I need a good attention-getter for my paper on Brutus as a tragic hero.My thesis is: In William Shakespeare’s Julius Caesar, Brutus is portrayed as a tragic hero, because he exhibits such flaws...

I need a good attention-getter for my paper on Brutus as a tragic hero.

My thesis is: In William Shakespeare’s Julius Caesar, Brutus is portrayed as a tragic hero, because he exhibits such flaws as foolishness, idealism, and self-righteousness, which eventually lead to his downfall and tragic death.

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thanatassa's profile pic

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A good quotation with which to start your paper on Brutus as the tragic hero of William Shakespeare's 'Julius Caesar' is with Marc Anthony's epitaph: 'This was the noblest Roman of them all.' Of the conspirators, only Brutus acted out of unmixed philosophical ideals. What makes this such a tragic circumstance is that Brutus and Caesar genuinely cared for one another, but Brutus felt that because Caesar would be a good tyrant, he would cause tyranny to become firmly entrenched in Rome, and thus, paradoxically, Brutus murdered Caesar because of his good qualities. This opening quotation allows you to move on to discuss the nobility of Brutus, one of the major themes of the play.

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elleoneiram's profile pic

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You could focus on the irony and contradiction in Brutus’s character and fate. Cassius steers Brutus into conspiring to assassinate Julius Caesar, who would not suspect Brutus’s involvement: “Caesar doth bear me hard; but he loves Brutus.” Cassius sees that Brutus can be manipulated both in spite of and because of his nobility. He flatters Brutus and appeals to his sense of equality. For his ideals, Brutus justifies murdering his closest friend, harming both himself and others: “I slew my best lover for the good of Rome.” He cares about people enough to kill one.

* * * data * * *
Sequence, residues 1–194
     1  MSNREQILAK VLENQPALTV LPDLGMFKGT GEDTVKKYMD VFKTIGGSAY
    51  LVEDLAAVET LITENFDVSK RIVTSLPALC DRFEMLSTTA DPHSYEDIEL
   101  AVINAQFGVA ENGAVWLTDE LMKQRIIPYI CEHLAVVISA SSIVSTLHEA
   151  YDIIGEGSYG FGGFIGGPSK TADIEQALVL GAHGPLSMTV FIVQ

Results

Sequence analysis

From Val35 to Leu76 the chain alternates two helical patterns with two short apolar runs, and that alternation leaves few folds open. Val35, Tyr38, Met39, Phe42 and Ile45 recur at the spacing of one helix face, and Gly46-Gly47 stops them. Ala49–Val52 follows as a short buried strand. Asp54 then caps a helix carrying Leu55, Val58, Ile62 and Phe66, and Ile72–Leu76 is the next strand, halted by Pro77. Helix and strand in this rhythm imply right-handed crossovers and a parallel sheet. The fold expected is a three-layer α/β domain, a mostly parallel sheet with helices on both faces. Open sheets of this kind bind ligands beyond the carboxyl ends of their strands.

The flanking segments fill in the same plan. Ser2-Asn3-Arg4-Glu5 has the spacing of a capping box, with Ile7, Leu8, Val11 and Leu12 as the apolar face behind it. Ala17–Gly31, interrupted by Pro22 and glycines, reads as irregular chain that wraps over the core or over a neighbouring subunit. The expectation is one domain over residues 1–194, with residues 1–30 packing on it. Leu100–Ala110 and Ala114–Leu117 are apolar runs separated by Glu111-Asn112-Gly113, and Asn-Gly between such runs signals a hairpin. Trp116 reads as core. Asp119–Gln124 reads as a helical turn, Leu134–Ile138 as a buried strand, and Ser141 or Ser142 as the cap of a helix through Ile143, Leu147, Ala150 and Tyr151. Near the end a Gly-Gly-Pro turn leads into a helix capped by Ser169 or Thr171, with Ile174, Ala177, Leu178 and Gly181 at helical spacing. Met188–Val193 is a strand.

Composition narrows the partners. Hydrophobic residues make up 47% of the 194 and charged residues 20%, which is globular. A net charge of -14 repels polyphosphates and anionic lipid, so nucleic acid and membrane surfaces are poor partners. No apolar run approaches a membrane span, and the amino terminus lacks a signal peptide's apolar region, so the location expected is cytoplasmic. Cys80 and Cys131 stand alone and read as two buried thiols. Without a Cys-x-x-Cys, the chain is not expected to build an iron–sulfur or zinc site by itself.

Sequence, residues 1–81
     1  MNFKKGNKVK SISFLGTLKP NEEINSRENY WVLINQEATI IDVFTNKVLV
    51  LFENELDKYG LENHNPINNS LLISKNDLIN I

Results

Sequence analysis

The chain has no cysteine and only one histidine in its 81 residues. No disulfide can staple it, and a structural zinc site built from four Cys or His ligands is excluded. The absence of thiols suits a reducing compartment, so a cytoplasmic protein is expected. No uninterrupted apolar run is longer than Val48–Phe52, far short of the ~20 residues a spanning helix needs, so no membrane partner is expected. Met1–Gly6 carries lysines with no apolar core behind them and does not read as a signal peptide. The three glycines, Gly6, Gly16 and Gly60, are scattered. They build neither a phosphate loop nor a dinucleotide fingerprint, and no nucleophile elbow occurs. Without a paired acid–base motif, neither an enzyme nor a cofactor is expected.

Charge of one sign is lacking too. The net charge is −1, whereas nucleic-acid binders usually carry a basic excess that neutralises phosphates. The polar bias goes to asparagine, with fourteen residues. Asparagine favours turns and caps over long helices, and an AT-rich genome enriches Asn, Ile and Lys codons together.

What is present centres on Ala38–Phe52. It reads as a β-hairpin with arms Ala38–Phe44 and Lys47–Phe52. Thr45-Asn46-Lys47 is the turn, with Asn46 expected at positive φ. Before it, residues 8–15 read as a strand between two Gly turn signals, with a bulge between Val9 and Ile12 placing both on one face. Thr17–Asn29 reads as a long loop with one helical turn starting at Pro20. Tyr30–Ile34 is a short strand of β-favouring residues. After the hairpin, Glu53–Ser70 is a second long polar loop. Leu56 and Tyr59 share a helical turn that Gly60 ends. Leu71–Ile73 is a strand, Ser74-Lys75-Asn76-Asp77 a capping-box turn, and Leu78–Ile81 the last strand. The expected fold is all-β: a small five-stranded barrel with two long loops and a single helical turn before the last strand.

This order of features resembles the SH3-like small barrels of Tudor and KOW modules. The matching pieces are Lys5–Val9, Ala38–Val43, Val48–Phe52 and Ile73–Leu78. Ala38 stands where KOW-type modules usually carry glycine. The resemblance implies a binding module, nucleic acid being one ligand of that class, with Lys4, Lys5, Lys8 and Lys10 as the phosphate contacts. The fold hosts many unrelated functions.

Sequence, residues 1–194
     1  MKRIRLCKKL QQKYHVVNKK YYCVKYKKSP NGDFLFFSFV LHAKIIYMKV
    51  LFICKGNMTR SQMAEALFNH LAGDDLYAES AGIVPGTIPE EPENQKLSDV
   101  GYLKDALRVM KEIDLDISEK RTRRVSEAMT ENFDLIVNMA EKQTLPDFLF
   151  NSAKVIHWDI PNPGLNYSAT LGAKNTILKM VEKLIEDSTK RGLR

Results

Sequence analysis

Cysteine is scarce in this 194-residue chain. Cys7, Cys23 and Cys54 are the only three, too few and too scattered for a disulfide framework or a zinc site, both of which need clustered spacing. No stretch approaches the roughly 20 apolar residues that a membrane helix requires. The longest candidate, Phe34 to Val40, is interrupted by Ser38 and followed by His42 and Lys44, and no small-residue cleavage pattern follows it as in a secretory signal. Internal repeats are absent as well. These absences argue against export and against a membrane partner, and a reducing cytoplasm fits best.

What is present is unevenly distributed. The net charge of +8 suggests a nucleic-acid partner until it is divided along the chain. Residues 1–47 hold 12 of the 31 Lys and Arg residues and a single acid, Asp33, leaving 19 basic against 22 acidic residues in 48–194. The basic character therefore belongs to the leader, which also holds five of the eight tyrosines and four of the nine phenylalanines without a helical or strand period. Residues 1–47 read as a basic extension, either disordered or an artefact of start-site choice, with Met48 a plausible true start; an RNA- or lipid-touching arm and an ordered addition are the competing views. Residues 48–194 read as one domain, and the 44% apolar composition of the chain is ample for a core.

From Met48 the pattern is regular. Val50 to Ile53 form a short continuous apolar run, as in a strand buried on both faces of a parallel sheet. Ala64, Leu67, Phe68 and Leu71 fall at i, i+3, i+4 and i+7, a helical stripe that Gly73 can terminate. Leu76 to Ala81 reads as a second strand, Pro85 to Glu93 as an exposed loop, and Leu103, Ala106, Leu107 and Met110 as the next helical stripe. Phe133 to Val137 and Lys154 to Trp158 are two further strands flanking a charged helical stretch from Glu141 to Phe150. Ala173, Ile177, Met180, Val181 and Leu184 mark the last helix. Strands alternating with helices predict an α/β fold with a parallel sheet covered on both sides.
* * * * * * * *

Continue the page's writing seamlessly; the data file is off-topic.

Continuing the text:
Another contradiction is that Brutus is a natural leader who does not believe any one person should rule. In spite of Caesar’s death being Cassius’s brainchild, Brutus often takes control of the situation. He contradicts and undermines Cassius multiple times in front of other conspirators. Brutus addresses the senators in his house and describes at length the moral reasons for Caesar’s death. When Decius and Cassius suggest killing Mark Antony as well, Brutus shuts them down: “Our course will seem too bloody.” Later, Brutus grants Antony permission to speak at Caesar’s funeral, without consulting the other conspirators. Cassius argues that “the people may be moved / By that which he will utter,” but Brutus is not persuaded.

This reveals yet another irony in Brutus’s nature and actions. His leniency leads to civil war. Brutus allows Antony to live and even speak to the public, two decisions that seal the conspirators’ fates. The crowd turns on them, and Antony and Octavius wage war against Brutus and Cassius. Brutus’s honor leads him to commit murder, but it also prevents him from fully carrying out the coup. In the end, Brutus’s whole purpose is thwarted: he killed Caesar to prevent Rome from transforming from a republic into a monarchy, but, after Brutus dies, Octavius Caesar will turn Rome into an empire that would last for centuries.

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